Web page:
Black people probably did something unfair. The head of Maine's Republican Party heard some rumors about black people voting in his state and is pretty sure he can't recall that many black people who live in Maine. Not that he's checked! (And not that it would have made a dime's worth of difference to Obama winning Maine with breezy ease.) He just thinks it's pretty weird, and if everyone would give him some money to spend on sending "thank you notes" to Maine voters, he's pretty sure he'll be able to catch some fraudsters!
Meanwhile, people are straight up flabbergasted and concerned about these voting precincts in Philadelphia and Cleveland that failed to record even one vote for Mitt Romney. How could this have happened? Well, if I pull out Occam's Razor, the conclusion I cut to immediately is that these districts contain zero Romney supporters. And hey, here's Dave Weigel noting that back in 2008, some of these same districts "pitched a shutout" for Obama, while on the other hand "the common thread" that unites all the concern-trolling over these voter precincts is "a total lack of evidence that any fraud occurred." So, my theory that voter precincts devoid of Romney supporters yield zero Romney votes is looking pretty good.
Beyond that, Paul Ryan just thinks it was manifestly unjust that the "urban vote" even turned out for the election. Were the "urbans" even allowed to vote? Not fair, obviously. Ryan, of course, lost his home town of Janesville, Wis. pretty decisively, which is weird because I had not ever considered Janesville to be all that "urban." But it must be!
This is just my crazy pet theory, by the way, but I rather think that if you want to earn the "African-American vote," then the first step in that process should probably be, "Stop being so fanatical about making it harder for black people to vote." Call me crazy, but I have a feeling that as soon as the GOP curbs its voter-fraud tin-foil hattery, they'll actually start to chew into these traditional Democratic constituencies and bring larger and larger shares into their ranks. You know how they say, "You can catch more flies with honey than with vinegar?" Well, let's just say that you catch more voters with mature appeals to their better natures than you do with -- you know ... wild-eyed hostility to their very existence.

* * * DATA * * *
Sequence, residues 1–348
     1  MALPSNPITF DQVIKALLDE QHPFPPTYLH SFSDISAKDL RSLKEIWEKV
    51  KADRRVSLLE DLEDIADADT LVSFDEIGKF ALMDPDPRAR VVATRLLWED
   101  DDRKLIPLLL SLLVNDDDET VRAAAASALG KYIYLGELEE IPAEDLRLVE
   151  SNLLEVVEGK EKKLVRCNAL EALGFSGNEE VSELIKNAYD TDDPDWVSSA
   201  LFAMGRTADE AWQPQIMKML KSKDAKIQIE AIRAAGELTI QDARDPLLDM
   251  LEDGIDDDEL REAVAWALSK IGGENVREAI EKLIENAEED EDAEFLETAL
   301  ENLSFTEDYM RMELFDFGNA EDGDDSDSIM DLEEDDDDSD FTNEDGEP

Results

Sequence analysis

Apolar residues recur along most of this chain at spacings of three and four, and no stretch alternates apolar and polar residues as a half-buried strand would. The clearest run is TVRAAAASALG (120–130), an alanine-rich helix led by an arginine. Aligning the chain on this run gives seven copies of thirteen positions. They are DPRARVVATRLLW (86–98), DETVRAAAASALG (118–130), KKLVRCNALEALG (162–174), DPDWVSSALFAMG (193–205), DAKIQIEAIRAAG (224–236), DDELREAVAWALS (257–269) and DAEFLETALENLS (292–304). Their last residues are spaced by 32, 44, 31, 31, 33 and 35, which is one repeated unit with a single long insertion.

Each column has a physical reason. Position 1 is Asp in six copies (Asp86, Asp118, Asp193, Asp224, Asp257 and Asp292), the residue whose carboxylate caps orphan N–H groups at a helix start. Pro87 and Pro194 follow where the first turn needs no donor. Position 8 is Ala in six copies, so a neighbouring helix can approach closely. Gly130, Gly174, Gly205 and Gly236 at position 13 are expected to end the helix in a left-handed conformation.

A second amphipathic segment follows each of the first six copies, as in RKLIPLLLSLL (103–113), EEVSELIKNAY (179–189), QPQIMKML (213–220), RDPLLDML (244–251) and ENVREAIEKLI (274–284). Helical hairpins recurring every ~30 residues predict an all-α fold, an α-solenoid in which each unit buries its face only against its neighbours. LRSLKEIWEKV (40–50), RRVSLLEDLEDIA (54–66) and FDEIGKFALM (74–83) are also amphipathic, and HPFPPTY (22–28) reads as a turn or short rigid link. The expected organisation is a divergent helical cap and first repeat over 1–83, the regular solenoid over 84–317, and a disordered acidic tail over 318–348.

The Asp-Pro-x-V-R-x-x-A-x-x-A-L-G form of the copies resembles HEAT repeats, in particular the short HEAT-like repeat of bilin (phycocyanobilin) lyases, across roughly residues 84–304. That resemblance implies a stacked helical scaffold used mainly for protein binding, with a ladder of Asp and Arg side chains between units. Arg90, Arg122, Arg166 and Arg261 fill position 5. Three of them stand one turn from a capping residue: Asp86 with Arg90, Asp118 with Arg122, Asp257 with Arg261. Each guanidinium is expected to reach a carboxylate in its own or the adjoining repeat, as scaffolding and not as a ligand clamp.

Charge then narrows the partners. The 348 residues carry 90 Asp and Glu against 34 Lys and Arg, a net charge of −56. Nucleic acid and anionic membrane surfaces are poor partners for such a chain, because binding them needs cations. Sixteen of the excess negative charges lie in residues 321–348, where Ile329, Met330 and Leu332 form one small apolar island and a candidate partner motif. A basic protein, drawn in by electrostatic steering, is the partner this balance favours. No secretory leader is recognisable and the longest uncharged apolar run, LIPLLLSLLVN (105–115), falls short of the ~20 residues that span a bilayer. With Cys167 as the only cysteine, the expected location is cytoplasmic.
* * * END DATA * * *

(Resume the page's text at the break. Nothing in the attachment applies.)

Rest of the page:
The GOP needs a "50 State Solution": This is from Karl Rove:
"I hate to say it, but we need to copy what Howard Dean did, and that is make our ground game in all 50 states," Rove told Sean Hannity on Monday. "While we had a reasonably good ground game in places like Ohio and Florida -- look, we didn't have a ground game in a lot of these states with Senate races and so we lost North Dakota by 3,300 votes. We lost [Montana] by 17,000 votes. We need to have a better ground game in all 50 states."
And Karl Rove is ... absolutely correct, actually! Of all the post-game analysis I've heard, this is definitely one I'd recommend the GOP keep and consider. The only thing that I'd point out, here, is that long before Karl Rove was suggesting that the GOP swipe the "50 State Strategy" from Howard Dean, Howard Dean was suggesting that the Democrats swipe the "50 State Strategy" from the Republicans. (If I recall correctly, in fact, Rove was the guy who inspired Dean in the first place.)
So, why Rove went with the "get a bunch of crackpot millionaires to finance ineffective advertisements" plan instead of a strategy that's been universally deemed as smart is anybody's guess, and does not make much sense. Unless of course, Rove's American Crossroads was just a straight-up hustle designed to funnel dumb-donor money to political consultants and ad-men in a campaign season where Rove overconfidently assumed that Romney and his downticket colleagues were all sure to win their races in any event. That would sort of explain why his new idea is "let's maybe actually do politics, again."
At any rate, Republicans are working through all of their post-election issues, and it's rough-going, but they should eventually get to the part where they realize that having a candidate that everyone -- including the important GOP pundits and thought-leaders -- distrusts and despises, and who is best known for a policy innovation that's now considered to be socialist Big-Government poison, is probably not optimal.